[TIMELINE] Chang & Eng Bunker (Siamese Twins)
- Siamese twins: Chang and Eng Bunker
Chang and Eng Bunker were born in Siam modern day Thailand in
1811. Connected by a thin band of flesh at their chest, they were
the original "Siamese Twins," a term now used to describe any two
human beings joined at birth by living tissue. When news of the
strange and unusual birth reached King Rama II of Siam, he decided
the babies should be put to death. The king thought such a birth was
an omen that something bad was going to happen. As time passed and
no disaster occurred, King Rama II withdrew his decree of death for
the two boys. As young boys, Chang and Eng loved to fish with their
fisherman father. They learned to use the oars and row with great
When the twins were teenagers, they began traveling with two agents,
Robert Hunter and Abel Coffin. In 1829, they left their country for
America and continued to travel all over the world. Tired out from
being exhibited for 10 years, the young men decided to settle in a
small town in North Carolina. Wilkesboro was one of hundreds of
small towns where the men had been exhibited. Here they found
peacefulness and a new home. The people were friendly and sincere.
With their savings of $10,000, Chang and Eng purchased a retail
store and sold everything from linens to chewing tobacco.
Unfortunately times were hard and the twins soon gave up their store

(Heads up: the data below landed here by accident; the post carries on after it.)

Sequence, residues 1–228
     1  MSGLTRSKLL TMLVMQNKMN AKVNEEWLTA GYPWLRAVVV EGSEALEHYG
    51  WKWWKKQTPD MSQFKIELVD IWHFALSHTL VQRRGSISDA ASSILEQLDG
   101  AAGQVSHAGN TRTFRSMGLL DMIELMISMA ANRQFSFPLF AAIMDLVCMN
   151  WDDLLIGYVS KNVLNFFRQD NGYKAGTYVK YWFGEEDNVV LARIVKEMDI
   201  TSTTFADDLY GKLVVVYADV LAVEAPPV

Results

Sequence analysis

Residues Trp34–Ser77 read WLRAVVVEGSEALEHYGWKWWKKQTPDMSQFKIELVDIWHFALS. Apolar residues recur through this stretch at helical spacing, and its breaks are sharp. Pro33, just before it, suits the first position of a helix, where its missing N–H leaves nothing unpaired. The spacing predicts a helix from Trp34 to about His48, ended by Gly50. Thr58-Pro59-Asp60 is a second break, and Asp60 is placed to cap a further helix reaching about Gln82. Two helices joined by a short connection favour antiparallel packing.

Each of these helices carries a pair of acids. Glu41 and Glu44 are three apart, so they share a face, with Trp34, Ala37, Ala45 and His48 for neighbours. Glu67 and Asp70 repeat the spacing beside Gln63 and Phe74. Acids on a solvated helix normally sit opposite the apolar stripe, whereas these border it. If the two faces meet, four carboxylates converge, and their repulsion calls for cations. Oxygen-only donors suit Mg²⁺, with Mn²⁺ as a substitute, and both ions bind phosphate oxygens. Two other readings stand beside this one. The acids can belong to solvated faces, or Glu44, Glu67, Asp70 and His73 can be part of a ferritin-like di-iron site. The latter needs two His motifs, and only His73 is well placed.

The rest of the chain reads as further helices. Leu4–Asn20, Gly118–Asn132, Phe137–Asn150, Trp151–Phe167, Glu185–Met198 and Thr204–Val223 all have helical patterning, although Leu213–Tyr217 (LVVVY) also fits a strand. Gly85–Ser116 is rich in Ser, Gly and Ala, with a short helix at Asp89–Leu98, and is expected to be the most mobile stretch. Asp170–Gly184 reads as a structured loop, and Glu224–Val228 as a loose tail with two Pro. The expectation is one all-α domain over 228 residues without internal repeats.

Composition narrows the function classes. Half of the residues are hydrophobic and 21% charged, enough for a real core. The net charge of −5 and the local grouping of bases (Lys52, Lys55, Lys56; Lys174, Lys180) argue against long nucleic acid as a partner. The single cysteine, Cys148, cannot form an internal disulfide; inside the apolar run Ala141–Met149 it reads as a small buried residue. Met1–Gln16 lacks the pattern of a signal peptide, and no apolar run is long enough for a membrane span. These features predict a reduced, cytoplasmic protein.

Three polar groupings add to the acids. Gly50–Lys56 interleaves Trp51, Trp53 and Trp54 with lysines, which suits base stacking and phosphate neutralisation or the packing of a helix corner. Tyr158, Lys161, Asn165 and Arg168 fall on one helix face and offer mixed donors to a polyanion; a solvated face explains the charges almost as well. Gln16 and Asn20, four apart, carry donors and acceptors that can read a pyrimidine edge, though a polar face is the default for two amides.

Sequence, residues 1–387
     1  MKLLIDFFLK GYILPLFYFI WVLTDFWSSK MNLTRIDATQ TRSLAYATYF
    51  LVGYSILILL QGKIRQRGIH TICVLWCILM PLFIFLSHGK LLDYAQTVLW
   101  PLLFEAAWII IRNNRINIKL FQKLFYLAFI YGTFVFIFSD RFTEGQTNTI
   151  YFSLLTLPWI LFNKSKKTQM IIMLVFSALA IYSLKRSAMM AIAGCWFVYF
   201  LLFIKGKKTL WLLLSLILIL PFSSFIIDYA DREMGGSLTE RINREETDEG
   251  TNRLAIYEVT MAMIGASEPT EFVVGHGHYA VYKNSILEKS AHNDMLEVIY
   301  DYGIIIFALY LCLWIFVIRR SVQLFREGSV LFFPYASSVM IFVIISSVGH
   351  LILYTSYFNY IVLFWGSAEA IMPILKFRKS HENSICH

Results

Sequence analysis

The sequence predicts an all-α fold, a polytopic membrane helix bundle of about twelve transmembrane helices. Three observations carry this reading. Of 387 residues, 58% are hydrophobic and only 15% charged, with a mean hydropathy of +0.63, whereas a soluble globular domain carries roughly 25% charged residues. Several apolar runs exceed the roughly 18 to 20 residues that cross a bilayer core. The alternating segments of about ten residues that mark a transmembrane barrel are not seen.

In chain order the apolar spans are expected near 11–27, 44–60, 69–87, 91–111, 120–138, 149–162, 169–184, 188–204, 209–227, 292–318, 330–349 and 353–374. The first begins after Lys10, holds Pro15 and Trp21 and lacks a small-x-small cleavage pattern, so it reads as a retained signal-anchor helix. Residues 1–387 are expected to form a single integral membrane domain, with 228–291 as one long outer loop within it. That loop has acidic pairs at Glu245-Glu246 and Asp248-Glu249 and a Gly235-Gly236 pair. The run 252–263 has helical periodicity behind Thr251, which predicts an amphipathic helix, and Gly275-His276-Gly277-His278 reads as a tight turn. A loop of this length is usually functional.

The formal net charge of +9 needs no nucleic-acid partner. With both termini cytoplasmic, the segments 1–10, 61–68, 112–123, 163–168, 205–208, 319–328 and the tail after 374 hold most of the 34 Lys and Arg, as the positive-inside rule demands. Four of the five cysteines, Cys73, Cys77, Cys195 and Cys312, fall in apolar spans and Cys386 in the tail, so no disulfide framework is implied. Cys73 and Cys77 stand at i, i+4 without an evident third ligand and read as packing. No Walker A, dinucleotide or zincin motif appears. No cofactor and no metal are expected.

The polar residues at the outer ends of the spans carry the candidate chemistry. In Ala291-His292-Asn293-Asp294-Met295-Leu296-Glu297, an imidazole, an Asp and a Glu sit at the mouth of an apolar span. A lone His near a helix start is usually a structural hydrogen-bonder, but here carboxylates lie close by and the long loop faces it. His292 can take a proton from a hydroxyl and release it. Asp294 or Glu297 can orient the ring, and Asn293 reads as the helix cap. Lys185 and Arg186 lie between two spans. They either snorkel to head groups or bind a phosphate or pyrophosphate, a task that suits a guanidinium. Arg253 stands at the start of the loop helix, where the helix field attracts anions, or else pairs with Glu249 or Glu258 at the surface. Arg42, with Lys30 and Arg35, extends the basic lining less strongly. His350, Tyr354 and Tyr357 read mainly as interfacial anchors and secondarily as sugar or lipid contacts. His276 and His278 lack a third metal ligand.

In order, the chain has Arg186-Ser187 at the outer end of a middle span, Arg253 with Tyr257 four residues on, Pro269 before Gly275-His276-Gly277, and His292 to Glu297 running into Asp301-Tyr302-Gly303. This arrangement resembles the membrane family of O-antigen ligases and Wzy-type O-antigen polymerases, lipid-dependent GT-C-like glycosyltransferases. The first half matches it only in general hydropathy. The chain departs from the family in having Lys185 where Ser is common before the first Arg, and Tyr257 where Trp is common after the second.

and decided to take up farming, building a house in nearby Traphill.
In 1839, Chang and Eng became American citizens and acquired their
new last name, Bunker. This was about the same time they became
interested in the Yates sisters, Sallie and Adelaide. After courting
for several years the foursome were married at the Yates house.
Shortly after, they were off to their Traphill home to share a large
bed especially built for the foursome. The people of the county
thought no children would come from this union, but nine months
after the wedding, Eng and Sallie welcomeá their firstborn daughter.
Six days later, Chang and Adelaide welcomed their first daughter
also. This continued until Eng and Sallie had produced 11 children.
Chang and Adelaide were almost as productive, with 10 children.
As times grew harder and the number of children increased, the
family's problems became numerous. The two sisters fought and put
Eng and Chang into the middle of their battles. Soon the brothers
turned against each other and bitter fights erupted, with Chang
drowning his troubles in whiskey and Eng playing poker. Because of
the fighting, the family decided two houses were needed. These
houses were built in Surry County and less than one mile separated
them. The wives and children lived apart. Eng and Chang shared three
days with Sallie and her children and then three days with Adelaide
and her children. This arrangement continued for the rest of their
lives. To support their families, Chang and Eng would go on to
exhibit for another year.
After many childhood and adult illness, including a stroke suffered
by Chang, Eng woke one cold January morning in 1874 to find his
brother cold. When he realized Chang was dead, Eng began to sweat
and feel faint. He died a short time later: doctors attribute his
death to shock. A survey done in 1953 tracked over 1,000 descendants
of the Bunker twins and that number has nearly doubled today.